While creating a cast of one of their hands using plaster of Paris, Htein Lin talks with them about their experiences behind bars, and the process is filmed or photographed for his multimedia piece.
“Some people who survived have an amazing sense of humour,” he said. Some would write poems and songs or play music on handmade guitars while in prison and after their release.
Htein Lin’s own experiences inspire some of his subjects. He was born in the Irrawaddy Delta region in 1966 and became active in student politics while studying law at Yangon University in the 1980s.
After a failed rebellion on August 8, 1988 – known as 8/8/88 – he was among the many students who fled to the jungle to escape a brutal crackdown by the military.
In a refugee camp on the Indian border, he studied with a well-known artist from Mandalay before moving to a camp on the Chinese border run by the All Burma Students’ Democratic Front, an armed anti-government group.
It was there that he and other students were detained for nine months and tortured as suspected government spies.
He eventually escaped and made his way back to Yangon, where he finished his law degree before working as a film actor.
But in 1998, he was arrested and accused of planning activities to mark the 10th anniversary of the 8/8/88 uprising. He was sentenced to seven years in jail, serving six-and-a-half years before his release in late 2004.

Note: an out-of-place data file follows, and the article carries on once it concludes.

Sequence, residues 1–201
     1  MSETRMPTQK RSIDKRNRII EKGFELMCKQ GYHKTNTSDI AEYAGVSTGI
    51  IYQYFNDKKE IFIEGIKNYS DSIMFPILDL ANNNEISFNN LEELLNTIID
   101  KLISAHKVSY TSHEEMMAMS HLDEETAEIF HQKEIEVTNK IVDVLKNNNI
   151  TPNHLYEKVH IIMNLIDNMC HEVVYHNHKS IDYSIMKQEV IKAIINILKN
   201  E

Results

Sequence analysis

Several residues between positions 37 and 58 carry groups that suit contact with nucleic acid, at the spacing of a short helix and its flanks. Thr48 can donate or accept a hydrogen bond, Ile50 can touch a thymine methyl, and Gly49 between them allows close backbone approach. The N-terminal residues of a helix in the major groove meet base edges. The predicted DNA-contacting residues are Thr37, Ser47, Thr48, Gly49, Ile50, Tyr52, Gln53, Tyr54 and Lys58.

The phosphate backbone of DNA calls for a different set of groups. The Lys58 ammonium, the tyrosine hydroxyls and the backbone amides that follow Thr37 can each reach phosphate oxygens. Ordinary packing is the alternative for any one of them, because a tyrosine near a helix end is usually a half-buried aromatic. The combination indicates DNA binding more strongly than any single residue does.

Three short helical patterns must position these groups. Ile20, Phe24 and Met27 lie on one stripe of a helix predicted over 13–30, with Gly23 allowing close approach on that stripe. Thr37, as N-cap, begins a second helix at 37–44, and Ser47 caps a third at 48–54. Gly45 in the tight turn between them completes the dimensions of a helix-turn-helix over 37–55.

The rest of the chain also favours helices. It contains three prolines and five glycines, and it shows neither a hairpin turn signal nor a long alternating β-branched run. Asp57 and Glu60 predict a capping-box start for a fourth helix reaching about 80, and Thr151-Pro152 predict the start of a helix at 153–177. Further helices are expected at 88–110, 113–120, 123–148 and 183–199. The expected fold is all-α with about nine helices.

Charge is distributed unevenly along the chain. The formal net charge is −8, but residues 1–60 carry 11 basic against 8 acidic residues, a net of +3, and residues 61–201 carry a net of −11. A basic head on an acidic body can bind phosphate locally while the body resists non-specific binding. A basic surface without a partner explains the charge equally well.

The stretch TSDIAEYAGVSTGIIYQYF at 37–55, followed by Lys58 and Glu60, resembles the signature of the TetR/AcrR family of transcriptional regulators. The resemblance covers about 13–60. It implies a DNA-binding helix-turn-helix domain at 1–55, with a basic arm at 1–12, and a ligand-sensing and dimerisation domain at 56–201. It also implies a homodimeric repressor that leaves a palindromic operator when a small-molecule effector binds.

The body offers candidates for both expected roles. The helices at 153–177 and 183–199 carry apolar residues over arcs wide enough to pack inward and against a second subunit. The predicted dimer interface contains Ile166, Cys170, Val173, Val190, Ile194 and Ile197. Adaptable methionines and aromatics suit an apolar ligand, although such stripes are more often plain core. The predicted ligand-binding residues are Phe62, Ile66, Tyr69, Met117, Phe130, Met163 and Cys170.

The conditions in prison were grim for political prisoners. Htein Lin once spent seven months in solitary confinement. On one occasion, he and other prisoners were forced to run the gauntlet between two lines of prison guards who beat them with rubber pipes.
But he continued to create paintings and monoprints using “coloured substances” smuggled in by a sympathetic prison guard.
However, the guard refused to give him a paintbrush, so he improvised by using his hands and objects such as hypothermic needles, cigarette lighters, pieces of broken glass and soap.
His “canvasses” were old prison uniforms, sarongs and other pieces of cloth given to him by fellow prisoners or exchanged for the cheroots that many people in Myanmar smoke.
This is how he managed to create about 300 paintings while behind bars – hiding them in his cell and asking friends to smuggle them out whenever he could.
Htein Lin was inspired to create art despite – or perhaps because of – his surroundings and his lack of formal training. “I just learned from the military government and from the prison and my experiences,” he said. “My artwork developed in prison.”
After his release, Htein Lin met the British ambassador, Vicky Bowman, through an art project he was involved in. At that time, he said, “the situation was quite tense; everywhere there were informers”.